DUBLIN CITY Council's management is reviewing its controversial high-rise strategy following an overwhelmingly negative response from the public, as well as signals from An Bord Pleanála and the Department of the Environment.
Michael Stubbs, assistant city manager in charge of the council's planning department, admitted that last month's public meetings in five city areas to discuss the draft policy, Maximising the City's Potential: A Strategy for Intensification and Height, "didn't go well".
"There is a problem with this document in certain parts of the city," he said.
"Based on what we've heard, we are going to have to evaluate what was said and think about how to bring the strategy forward. There are definitely things going to be changed."
The main criticism related to exceptions in the document that would permit "random eruptions" of high-rise buildings outside previously designated areas - such as the Docklands, Heuston Station and other transport nodes such as Connolly and Tara Street stations.
Michael Smith, former chairman of An Taisce, branded the draft strategy as "the most damaging document ever produced by Dublin City Council", saying it "would have comprehensively threatened Dublin's characteristic human scale".
Mr Stubbs said it was clear that the height issue was "totally emotive", obscuring what the planners were trying to achieve in terms of raising residential densities in the city, particularly in areas that are well-served by good-quality public transport.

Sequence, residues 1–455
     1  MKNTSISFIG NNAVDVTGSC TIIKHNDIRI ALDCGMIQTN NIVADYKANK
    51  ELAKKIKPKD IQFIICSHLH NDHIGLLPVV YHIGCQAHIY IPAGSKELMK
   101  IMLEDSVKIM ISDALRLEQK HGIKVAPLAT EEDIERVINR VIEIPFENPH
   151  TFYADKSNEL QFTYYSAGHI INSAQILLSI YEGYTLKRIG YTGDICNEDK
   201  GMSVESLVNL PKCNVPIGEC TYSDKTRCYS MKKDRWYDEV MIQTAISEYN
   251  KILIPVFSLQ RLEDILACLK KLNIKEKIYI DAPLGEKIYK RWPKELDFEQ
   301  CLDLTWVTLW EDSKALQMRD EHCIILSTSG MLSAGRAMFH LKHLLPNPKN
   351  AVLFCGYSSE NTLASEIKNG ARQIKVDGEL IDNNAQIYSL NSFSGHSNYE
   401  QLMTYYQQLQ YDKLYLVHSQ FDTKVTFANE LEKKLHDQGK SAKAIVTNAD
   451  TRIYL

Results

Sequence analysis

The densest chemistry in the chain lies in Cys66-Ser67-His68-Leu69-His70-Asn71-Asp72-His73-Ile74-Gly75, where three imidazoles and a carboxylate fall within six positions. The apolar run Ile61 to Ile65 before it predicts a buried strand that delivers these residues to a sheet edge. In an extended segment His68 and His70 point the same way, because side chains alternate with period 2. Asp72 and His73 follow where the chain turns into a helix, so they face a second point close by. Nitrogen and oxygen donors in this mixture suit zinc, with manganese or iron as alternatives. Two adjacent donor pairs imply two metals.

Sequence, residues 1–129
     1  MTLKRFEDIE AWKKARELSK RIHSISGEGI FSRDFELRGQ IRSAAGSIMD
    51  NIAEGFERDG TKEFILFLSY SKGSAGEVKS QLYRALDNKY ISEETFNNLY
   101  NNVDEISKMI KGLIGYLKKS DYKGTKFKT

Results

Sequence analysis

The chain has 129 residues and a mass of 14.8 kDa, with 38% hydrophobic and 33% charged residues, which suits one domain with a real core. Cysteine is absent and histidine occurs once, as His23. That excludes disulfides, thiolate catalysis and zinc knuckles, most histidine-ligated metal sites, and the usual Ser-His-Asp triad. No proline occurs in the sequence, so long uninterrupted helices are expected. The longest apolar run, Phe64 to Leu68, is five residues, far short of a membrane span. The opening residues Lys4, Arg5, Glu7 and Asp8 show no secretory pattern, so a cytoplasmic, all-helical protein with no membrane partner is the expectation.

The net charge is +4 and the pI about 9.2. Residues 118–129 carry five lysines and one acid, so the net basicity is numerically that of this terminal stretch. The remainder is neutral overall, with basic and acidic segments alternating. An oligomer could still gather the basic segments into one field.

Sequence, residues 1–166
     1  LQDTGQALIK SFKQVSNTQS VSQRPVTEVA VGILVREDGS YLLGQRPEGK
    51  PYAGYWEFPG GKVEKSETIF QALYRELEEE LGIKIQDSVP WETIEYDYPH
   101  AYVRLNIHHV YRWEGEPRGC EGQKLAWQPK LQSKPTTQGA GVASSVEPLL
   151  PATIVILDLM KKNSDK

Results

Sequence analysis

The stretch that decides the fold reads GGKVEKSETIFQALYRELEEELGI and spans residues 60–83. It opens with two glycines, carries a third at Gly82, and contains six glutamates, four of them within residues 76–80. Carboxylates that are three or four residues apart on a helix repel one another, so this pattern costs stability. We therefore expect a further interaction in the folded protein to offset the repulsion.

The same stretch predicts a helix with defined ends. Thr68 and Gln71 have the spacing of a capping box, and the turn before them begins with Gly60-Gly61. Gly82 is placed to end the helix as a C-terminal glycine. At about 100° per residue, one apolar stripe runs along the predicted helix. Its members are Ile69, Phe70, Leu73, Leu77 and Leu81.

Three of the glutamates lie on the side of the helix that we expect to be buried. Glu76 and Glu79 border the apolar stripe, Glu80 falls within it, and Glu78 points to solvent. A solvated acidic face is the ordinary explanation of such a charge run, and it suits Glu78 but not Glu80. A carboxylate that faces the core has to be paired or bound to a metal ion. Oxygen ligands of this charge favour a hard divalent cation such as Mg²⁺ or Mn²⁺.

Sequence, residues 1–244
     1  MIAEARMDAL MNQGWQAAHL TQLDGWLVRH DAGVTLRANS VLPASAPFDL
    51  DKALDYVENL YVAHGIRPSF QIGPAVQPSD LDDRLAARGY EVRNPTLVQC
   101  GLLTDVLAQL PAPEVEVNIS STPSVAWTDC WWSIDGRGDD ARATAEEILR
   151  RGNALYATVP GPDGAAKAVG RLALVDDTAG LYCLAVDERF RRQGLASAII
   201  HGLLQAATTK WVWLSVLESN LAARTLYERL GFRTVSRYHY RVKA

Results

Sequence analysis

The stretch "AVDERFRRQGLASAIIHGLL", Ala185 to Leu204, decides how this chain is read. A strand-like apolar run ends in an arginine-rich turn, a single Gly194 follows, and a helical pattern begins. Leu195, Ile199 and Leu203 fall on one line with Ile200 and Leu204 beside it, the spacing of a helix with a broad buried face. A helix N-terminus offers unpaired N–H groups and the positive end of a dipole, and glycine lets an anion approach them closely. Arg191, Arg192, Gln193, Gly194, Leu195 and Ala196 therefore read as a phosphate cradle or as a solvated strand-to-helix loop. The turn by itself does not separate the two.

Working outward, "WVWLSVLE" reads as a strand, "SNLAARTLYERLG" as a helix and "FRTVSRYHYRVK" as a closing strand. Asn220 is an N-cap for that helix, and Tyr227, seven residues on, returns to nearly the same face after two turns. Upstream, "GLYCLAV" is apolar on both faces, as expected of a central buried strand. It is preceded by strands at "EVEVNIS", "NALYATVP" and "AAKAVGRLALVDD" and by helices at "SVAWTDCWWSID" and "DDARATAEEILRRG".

However, he accepted that people had genuine concerns about a strategy for the city that many saw as a blueprint to pepper it with high-rise buildings, even in low-rise suburban areas. "We're going to have to be very careful about that," he said.
Mr Stubbs pointed out that a local area plan (LAP) for Phibsboro, drafted by Paul Keogh Architects, had recently gone through the city council with an option to locate a tall building on the site of the old shopping centre, where there is already a tower.
"If the concept of LAPs is the way to go, we'll do that," he said. "That would be getting away from the idea of random high-rise. And for smaller sites, we would do design briefs" - with these briefs going out for public consultation before being adopted.
Mr Stubbs said members of the council's planning and economic development committee would be taken on a tour of Copenhagen and Malmö next month to see examples of higher density residential development - mostly not involving high-rise.
The planning department will be reporting back to the committee in September on the outcome of public consultations on the council's draft strategy, with amendments to take account of people's views.
Although An Bord Pleanála last week upheld the planners' decision to approve the redevelopment of the Clarence Hotel, it has been adopting a critical stance on high-rise schemes, while the Department of the Environment has intervened in Ballsbridge.
The Irish Times